The vervet is one of the most commonest and widespread species of primates found in the savannash of Eastern and Southern Africa. From the cerccopithecidae, it belongs to the Chlorocebus genus with three other very similar looking savannah species which include the green monkey (Chlorocebus sabaeus) found in Western Africa (Senegal, Mauritania, southern Mali, western Niger, Benin, northern Ivory Coast, Guinea and Sierra Leone). The tantalus monkey (Chlorocebus tantalus) is another related species found where the range of the green monkey ends up to south-western Kenya and norther Uganda following the sahelian stip and crossing through the Central African Republic, Cameroon, Nigeria, Togo, Chad and southern Niger. In the East, in Ethiopia and eastern Sudan, one finds the gribet monkey (Chlorocebus aethiops). The vervet monkey is found in Eastern and Southern Africa from Ethiopia to the Cape by following the eastern coast of the continent. Five subspecies are found within this range which differ only through the hue of their coat.

Vervet monkey (Masai Mara, Kenya)


Length: 380-620 mm
Weight: 5 à 9 kg


Habitat: The presence of trees where they can seek refuge is a habitat requirement even if vervet monkeys may be found in open habitats such as savannahs. They are nonetheless found in all types of forested habitats but dense forests, forest-galleries, mesic savannahs and woodland savanahs.

Food: Vervets are omnivorous. They feed on fruits, seeds, pods, various species of grasses, flowers, invertebrates, birdlings, small reptiles like lizards. They also feed on eggs. Vervets forage as much in trees as on the ground. Diurnal; they start foraging at daybreak beginning with the tree in which they spent the night. They rest in the hottest hours of the day and resume feeding bouts in the afternoon until dusk. When night falls, they find refuge in trees where they spend the night.

Social behavior: Vervets' social structure is quite complex. Troops comprise 20 individuals in average but may number as low as 10 individuals and as much as 50 or even more. Each troop is composed of several families which live on a territory several dozens of km2 large. Females remain in their natal troop all their life but males disperse when they reach puberty and settle in foreign troops.

There is a linear hierarchy among troops within each sex which is determined at birth. Young females inherit a social status which is just slightly inferior to that of their mother. Hierarchy between males is more flexible. Dominant males display their status through various shots and postures. One of the most significant postures indicating dominance is for a dominant male to curb his tail over his back while circling or approaching a subordinate in order to expose the blue and red markings where the scrotum and perineum meet. Hierarchy has consequences on access to food and grooming. Dominant females have preferential access to food which will benefit their young. Similarly, subordinate individuals groom dominant ones but will in turn benefit from their support should they be subjected to attack. Submission is displayed by quick side-glancing, gaping with the mouth and head bobbing. Vervets are able to recognize each vervet's social status and the shout of each individual.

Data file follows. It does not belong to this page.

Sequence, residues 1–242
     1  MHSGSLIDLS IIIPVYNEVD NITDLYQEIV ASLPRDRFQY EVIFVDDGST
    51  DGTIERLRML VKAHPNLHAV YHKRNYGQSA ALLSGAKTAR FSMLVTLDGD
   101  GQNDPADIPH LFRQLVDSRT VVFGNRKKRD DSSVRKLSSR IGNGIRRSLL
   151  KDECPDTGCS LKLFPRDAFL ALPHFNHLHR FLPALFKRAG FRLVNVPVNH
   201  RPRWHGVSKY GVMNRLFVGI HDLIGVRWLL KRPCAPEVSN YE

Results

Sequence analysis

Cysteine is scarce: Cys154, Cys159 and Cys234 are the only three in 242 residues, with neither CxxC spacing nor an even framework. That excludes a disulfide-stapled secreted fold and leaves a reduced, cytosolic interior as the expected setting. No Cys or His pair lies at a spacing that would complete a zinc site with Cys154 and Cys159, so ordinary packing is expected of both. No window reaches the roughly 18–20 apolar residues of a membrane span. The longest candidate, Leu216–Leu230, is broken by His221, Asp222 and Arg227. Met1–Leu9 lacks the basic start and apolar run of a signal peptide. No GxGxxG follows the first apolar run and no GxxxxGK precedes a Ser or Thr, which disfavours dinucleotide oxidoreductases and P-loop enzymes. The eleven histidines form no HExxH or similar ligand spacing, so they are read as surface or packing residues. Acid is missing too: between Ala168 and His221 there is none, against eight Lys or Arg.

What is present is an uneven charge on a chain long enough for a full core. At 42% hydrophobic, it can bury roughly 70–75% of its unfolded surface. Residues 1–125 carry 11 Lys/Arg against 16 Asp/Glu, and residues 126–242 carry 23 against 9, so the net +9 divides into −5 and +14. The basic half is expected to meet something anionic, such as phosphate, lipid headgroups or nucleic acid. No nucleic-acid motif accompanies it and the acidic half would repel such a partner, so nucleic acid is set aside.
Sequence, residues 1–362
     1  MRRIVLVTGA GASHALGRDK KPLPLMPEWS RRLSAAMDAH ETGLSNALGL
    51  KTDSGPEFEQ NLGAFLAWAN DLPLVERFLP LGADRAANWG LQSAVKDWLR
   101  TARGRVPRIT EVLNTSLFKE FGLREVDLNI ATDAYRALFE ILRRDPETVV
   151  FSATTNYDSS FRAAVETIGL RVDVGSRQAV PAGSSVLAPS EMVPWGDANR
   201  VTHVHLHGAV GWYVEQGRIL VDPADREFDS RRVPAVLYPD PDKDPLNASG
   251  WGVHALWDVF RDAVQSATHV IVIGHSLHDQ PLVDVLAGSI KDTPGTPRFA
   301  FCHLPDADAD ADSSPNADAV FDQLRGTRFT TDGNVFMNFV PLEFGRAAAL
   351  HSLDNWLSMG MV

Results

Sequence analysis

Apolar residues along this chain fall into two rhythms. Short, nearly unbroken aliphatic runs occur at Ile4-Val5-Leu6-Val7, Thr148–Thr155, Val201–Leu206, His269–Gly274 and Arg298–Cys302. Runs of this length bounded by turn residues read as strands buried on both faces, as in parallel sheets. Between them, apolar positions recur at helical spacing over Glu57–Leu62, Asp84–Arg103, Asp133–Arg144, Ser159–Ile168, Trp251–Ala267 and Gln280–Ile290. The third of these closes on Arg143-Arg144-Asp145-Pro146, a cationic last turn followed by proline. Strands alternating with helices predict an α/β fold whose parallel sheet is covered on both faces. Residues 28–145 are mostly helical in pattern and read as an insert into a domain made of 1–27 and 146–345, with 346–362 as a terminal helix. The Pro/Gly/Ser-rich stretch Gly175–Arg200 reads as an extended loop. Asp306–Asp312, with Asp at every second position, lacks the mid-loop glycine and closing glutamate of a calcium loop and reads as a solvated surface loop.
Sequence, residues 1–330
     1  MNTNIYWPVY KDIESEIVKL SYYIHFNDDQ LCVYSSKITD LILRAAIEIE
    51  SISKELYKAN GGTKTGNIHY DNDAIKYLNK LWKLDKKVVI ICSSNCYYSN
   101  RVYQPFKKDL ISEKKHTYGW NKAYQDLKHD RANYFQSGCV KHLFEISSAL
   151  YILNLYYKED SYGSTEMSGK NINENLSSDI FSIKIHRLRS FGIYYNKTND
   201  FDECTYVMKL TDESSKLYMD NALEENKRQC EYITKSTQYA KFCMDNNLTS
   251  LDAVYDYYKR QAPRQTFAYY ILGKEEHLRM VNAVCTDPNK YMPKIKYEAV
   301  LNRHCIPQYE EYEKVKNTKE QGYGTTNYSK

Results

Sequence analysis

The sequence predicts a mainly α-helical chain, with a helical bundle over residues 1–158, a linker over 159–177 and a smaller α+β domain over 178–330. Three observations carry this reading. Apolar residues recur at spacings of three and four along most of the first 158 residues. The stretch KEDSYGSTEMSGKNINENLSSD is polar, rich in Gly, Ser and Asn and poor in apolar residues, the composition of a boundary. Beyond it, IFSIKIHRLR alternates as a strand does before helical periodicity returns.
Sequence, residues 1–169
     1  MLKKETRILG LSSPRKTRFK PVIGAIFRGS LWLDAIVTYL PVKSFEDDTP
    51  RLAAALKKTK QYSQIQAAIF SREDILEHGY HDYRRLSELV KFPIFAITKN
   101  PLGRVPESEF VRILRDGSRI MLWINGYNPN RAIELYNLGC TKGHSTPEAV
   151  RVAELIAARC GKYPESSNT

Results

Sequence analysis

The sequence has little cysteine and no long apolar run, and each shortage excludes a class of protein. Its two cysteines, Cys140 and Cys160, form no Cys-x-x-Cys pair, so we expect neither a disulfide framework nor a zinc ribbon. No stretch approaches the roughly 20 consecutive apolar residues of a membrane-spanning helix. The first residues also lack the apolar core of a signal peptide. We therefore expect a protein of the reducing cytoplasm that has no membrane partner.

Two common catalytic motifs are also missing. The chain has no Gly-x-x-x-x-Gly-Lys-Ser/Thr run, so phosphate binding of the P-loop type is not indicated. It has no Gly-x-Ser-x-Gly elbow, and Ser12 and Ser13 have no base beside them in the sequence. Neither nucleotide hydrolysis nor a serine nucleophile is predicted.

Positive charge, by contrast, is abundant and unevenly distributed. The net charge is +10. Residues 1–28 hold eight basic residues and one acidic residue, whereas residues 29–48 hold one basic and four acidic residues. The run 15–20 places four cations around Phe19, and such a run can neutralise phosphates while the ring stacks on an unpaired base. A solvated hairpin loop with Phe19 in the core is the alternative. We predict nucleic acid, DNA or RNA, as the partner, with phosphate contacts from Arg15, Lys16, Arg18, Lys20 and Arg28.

Females and males play an equal part in the defence of the territory albeit for different motives. Females defend feeding resources while males defend access to females to strange males. When two troops meet at the border of their respective territory, members of each troop observe one another, and use several defensive behaviours and postures. They stare and expose their eyelids, shake branches accompanied by a concert of shouts in a bid to deter the opposing troop.  Males may also expose their conspicuous red penis. These observation rounds may degenerate in full chases. Vervets may react the same towards competing species of monkeys such as red tail monkeys and blue monkeys which are more arboreal.

Reproduction: It seems that reproduction is seasonal and happens during the dry season. When a female is receptive, she stops and presents to a passing male. Conversely, she will avoid males, remain unconcerned if non-receptive and will defend herself should males prove too persistent.

Females give birth to one child after a gestation period of 165 days. The baby is weaned after three months. Mothers carry their infant during the first three months up to a month but with less frequency as time goes by. Infants socialize with other members of the troop at an early age in order to play, be groomed and cuddle.

Predators: Due to their small size, vervets are highly vulnerable to predation. Vervets most common predators are large raptors such as the martial eagle or the crowned eagle, leopards and African rock pythons. Occasional predators include lions, hyenas, cheetahs, jackals, caracals, crocodiles. Although there is no case of predation on records, vervet alarm call when they encounter cobras, mambas and puff adders being well aware of the threat they represent even though they are no on the menu of those snakes.

Vervet monkeys are able to rank their predators based on their dangerosity to themseves and have specific alarm calls for each category.

Best places: Most parks and reserves on the continent and especially close to the lodges.